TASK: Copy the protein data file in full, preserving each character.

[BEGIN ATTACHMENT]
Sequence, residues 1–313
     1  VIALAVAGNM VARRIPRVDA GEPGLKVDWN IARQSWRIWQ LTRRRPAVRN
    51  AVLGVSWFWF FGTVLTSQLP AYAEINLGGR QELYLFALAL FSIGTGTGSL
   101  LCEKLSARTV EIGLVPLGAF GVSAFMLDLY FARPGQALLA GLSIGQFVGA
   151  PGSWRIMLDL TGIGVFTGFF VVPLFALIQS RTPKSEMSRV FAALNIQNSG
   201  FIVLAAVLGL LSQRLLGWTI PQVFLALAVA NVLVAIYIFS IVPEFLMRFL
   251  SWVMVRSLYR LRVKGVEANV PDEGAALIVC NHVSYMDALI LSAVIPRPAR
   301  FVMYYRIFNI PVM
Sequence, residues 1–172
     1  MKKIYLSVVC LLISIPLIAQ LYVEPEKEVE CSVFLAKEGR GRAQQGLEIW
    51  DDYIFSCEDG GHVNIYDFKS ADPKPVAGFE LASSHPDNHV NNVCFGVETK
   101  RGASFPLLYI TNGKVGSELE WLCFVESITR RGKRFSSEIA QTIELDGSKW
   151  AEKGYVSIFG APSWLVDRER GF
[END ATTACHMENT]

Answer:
Sequence, residues 1–313
     1  VIALAVAGNM VARRIPRVDA GEPGLKVDWN IARQSWRIWQ LTRRRPAVRN
    51  AVLGVSWFWF FGTVLTSQLP AYAEINLGGR QELYLFALAL FSIGTGTGSL
   101  LCEKLSARTV EIGLVPLGAF GVSAFMLDLY FARPGQALLA GLSIGQFVGA
   151  PGSWRIMLDL TGIGVFTGFF VVPLFALIQS RTPKSEMSRV FAALNIQNSG
   201  FIVLAAVLGL LSQRLLGWTI PQVFLALAVA NVLVAIYIFS IVPEFLMRFL
   251  SWVMVRSLYR LRVKGVEANV PDEGAALIVC NHVSYMDALI LSAVIPRPAR
   301  FVMYYRIFNI PVM
Sequence, residues 1–172
     1  MKKIYLSVVC LLISIPLIAQ LYVEPEKEVE CSVFLAKEGR GRAQQGLEIW
    51  DDYIFSCEDG GHVNIYDFKS ADPKPVAGFE LASSHPDNHV NNVCFGVETK
   101  RGASFPLLYI TNGKVGSELE WLCFVESITR RGKRFSSEIA QTIELDGSKW
   151  AEKGYVSIFG APSWLVDRER GF